Rick Perry recently made us wonder if he’d flip-flopped on his politically touchy support for the Texas law enabling thousands of young unauthorized immigrants to pay in-state tuition at state colleges and universities — a provision that might be repealed by the 2015 Legislature.
What he said
The former Texas governor, a Republican exploring a second run for president, was in South Carolina April 7, 2015, when Patrick Svitek of the Texas Tribune asked if his "thinking" on the 2001 law had changed "over the years."
Perry initially replied by stressing the importance of the federal government securing the U.S.-Mexico border. "This is a result of Washington, D.C. failing at their constitutional duty and then forcing states to deal with it."
Perry also said the 2001 Legislature, Republicans and Democrats, overwhelmingly supported the in-state tuition provision, thinking "that we had a choice to make economically: Are you going to put these people in a position of having to rely upon government to take care of themselves, or are you going to let them be educated and be contributing members of society, obviously working towards getting their citizenship? And that’s what that legislation did; I supported that at that particular point in time."
Perry continued: "I’m going to leave it up to the Legislature; you know, I’m not the governor any more. They’ll make a call on whether this is right for Texas or not." Perry went on to say he’ll continue to call on the federal government to secure the border.
Svitek followed up: "And just to be clear: You supported it in 2001. So you don’t have a position today on whether it should be in place?"
Perry: "Listen, I’m going to leave that up to the Legislature. They’re going to look at all of the impact. But I hope what the Legislature will do is really send a powerful message to Washington, D.C., to their congressmen, to the senators that you must deal with this issue of border security, you must allow the states to be able to know that they’re not going to have to pick up the costs because the federal government is failing to do their job to secure the border."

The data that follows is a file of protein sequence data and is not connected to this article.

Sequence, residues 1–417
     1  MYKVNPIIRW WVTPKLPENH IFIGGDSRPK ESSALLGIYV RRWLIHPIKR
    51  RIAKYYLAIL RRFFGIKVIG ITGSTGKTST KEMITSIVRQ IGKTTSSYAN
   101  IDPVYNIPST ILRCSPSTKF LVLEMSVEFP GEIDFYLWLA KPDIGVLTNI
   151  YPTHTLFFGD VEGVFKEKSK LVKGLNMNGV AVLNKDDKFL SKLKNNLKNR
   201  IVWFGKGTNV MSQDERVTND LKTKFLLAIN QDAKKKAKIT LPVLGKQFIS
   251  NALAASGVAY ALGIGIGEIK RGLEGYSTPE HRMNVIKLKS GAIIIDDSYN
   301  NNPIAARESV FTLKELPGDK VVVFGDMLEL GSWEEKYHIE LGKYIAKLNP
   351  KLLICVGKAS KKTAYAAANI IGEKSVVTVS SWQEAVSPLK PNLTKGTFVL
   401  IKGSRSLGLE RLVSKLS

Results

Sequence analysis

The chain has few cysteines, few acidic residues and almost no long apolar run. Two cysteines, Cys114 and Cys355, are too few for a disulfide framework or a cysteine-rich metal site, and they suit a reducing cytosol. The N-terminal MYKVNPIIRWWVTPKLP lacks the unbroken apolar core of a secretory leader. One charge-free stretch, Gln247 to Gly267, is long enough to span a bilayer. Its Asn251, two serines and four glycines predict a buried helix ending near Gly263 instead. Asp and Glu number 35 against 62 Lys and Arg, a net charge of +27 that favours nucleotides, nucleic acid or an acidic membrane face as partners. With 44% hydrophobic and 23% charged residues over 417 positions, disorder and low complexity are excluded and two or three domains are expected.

We’ve been writing about the 2001 law since this February 2010 fact check, which noted that on June 16, 2001, Perry signed into law the proposal allowing certain immigrants to attend Texas colleges and universities at in-state tuition rates. Students lacking proper immigration documentation but with a Texas high school diploma or GED and who have lived in Texas for at least three years may qualify for in-state tuition if they sign an affidavit saying they intend to apply for permanent residency as soon as they can.
Thousands of students have since taken advantage of the law. According to the latest available data, in the fiscal year through August 2013, 24,770 students partook, accounting for 1.9 percent of all students in the state’s public colleges and universities, according to the Texas Higher Education Coordinating Board.
In 2011, during his bid for president, Perry accurately pointed out very few legislators opposed the measure before it reached his desk 10 years before. In a September 2011 interview with Newsmax, Perry also apologized for saying in a Republican candidate debate that anyone who opposed giving tuition breaks to the children of illegal immigrants did not "have a heart." In an article about the interview, Newsmax noted that Perry also stood by his view that the decision in his state to extend tuition breaks was the right one.
"I was probably a bit over-passionate by using that word, and it was inappropriate," Perry was quoted as saying. "In Texas, in 2001, we had 181 members of the Legislature — only four voted against this piece of legislation — because it wasn't about immigration; it was about education." By our count, five of the 181 legislators referred to by Perry (31 state senators, 150 House members) voted against the tuition measure.
Perry in 2014-15